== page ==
Assets of money market mutual funds declined last week for the third week in a row. For the week ending Feb. 10 they totaled $185.7 billion, down $1.1 billion from the previous week. Since Jan. 27 they have fallen by $2.3 billion.
The last time total assets dropped more than three weeks running was in May of 1981, when a four-week decrease totaled $697.4 million. In each case the decline was registered within a week to 10 days after Treasury bill rates climbed past the seven-day average yield of money market funds.
(Money market funds also hold commercial paper and other types of investments in their portfolios, so the correlation with interest rates on new government securities and certificates pegged to them is at best approximate.)
As usual, institutions led the way. Since they are more sensitive to market rates and handle larger sums than individuals, they can and do move their funds more rapidly into higher yielding investments.
In the recent three-week period ended Feb. 10, for example, only the second week showed a decline in general purpose funds, those geared to individual investors.
The start of the most recent decline was perceived in the week ended Jan. 27, although December was a borderline month. Net sales amounted to just $121.2 million then, compared with $12 billion in November.
Between Dec. 23 and Feb. 11, the average yield, according to Donoghue's Money Fund Report of Holliston, Mass., fell from 12 percent to 11.8 percent before creeping back to 12.9 percent.
In virtually the same span (Dec. 21 to Feb. 8) the auction rate on six-month Treasury bills rose from 11.5 percent to 13.8 percent.
The effective current yield on $10,000 minimum six-month money market certificates issued by banks and savings and loans rose from 12.3 to 14.8 percent. So money market fund holders sold.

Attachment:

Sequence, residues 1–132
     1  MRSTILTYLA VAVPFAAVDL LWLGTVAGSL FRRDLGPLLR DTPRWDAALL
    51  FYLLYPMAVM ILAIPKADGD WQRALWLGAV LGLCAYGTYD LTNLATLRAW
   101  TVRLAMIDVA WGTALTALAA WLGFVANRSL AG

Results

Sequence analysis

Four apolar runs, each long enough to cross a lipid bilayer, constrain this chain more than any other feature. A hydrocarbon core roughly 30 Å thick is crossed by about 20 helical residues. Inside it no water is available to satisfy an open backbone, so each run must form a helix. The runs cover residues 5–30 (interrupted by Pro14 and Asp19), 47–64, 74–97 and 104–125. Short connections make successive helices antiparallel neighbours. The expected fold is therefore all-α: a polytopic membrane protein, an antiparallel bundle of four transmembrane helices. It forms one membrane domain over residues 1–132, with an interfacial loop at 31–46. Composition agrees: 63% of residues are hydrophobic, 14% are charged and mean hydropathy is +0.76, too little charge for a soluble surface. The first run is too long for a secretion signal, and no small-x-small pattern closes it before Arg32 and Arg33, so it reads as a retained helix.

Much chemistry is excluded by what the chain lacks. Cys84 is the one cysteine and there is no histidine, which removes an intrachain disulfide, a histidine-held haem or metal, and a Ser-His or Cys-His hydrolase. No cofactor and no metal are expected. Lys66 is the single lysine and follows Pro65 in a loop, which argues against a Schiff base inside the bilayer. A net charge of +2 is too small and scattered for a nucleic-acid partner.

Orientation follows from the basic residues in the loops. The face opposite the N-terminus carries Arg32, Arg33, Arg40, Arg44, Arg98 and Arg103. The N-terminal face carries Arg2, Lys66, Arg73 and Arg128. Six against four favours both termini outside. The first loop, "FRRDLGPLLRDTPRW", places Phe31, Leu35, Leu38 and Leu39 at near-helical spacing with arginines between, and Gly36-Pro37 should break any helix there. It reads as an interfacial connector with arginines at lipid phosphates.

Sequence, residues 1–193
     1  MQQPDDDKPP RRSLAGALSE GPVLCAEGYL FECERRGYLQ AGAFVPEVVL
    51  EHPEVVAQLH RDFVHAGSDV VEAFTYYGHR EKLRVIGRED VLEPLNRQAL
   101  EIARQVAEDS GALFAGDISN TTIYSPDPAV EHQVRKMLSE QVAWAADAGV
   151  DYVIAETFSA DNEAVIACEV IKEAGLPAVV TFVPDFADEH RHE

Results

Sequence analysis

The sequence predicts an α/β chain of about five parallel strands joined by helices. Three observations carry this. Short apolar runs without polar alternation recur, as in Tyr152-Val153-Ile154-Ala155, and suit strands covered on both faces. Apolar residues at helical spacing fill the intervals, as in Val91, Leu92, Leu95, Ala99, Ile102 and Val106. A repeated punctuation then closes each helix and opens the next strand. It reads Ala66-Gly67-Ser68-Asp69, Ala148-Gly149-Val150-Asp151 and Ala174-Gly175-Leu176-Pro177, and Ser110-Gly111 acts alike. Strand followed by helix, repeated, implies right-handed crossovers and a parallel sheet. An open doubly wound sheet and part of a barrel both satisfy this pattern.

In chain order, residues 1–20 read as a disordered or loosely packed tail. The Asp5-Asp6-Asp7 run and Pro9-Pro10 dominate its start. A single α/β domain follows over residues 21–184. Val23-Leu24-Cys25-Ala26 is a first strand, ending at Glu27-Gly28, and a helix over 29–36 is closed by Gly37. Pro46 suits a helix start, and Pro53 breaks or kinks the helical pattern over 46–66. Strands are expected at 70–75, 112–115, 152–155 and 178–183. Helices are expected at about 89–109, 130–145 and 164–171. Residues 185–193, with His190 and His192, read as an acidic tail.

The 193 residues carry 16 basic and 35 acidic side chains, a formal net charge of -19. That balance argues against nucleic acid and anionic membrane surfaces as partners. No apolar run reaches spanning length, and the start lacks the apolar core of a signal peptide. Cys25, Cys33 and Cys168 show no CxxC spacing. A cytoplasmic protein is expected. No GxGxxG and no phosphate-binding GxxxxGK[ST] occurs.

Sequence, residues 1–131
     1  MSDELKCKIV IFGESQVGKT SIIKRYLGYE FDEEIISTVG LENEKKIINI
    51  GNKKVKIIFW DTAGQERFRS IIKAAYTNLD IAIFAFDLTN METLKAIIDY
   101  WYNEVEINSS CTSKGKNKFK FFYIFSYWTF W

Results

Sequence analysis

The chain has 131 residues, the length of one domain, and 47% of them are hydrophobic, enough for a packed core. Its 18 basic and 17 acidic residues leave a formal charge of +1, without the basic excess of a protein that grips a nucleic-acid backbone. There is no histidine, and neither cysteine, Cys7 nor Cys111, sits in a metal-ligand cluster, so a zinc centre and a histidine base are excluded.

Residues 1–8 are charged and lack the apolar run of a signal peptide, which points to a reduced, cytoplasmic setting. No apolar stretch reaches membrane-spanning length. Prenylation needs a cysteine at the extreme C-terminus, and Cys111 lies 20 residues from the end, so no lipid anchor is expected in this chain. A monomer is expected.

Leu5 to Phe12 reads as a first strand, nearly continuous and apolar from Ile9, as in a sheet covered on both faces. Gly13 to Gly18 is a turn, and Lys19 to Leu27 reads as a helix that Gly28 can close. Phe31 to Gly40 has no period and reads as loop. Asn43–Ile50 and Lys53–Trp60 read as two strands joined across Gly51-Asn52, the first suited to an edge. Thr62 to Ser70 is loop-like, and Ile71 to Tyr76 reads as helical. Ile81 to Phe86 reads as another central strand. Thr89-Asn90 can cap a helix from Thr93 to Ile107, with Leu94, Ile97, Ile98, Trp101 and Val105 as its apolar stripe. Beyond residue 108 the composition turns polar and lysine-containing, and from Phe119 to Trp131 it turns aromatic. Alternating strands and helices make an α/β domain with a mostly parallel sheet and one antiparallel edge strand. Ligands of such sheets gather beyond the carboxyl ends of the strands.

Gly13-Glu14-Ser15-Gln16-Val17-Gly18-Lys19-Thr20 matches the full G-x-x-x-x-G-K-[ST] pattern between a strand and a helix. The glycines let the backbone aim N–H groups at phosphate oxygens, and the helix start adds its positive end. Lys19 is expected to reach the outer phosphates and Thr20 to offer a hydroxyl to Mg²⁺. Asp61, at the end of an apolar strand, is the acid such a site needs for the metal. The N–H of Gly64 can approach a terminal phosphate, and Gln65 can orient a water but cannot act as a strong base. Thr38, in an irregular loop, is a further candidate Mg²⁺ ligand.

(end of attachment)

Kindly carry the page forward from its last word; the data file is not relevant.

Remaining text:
Back last May, when institutions pulled more money out for four weeks in a row than they put in, individuals continued to invest. During that month the average money market fund yield increased from 14.1 percent to 15.56 percent.
At the same time, the effective rate on money market certificates sold by banks and savings and loans increased from 14.5 percent to 16 percent.
The difference of about 50 basis points (one-half of one percentage point) did not seem to influence individuals to quit the convenience and liquidity of the money market funds for certificates of deposit.
A study by the Federal Reserve of the yields on money market funds compared to those on money market certificates shows that declines in money market fund assets occurred at times when the spread, or difference between the yields, was at least 150 basis points.
The last time individuals withdrew from money market funds in a sustained fashion was between August and December of 1980. Money market certificate sales increased commensurately. At that time depository institutions were paying about 2 percentage points more than money market funds.
The average maturity of the funds' portfolios is 32 days. This means the yields their investors get lag behind market rates by approximately this amount of time.
On the other hand, money market certificate rates change within a day or two after Treasury auctions. So long as short-term interest rates continue to rise and the spread between money market funds and money market certificates remains constant (currently 12.9 percent versus 14.5 percent), the funds' net assets will probably continue to decline, according to analysts.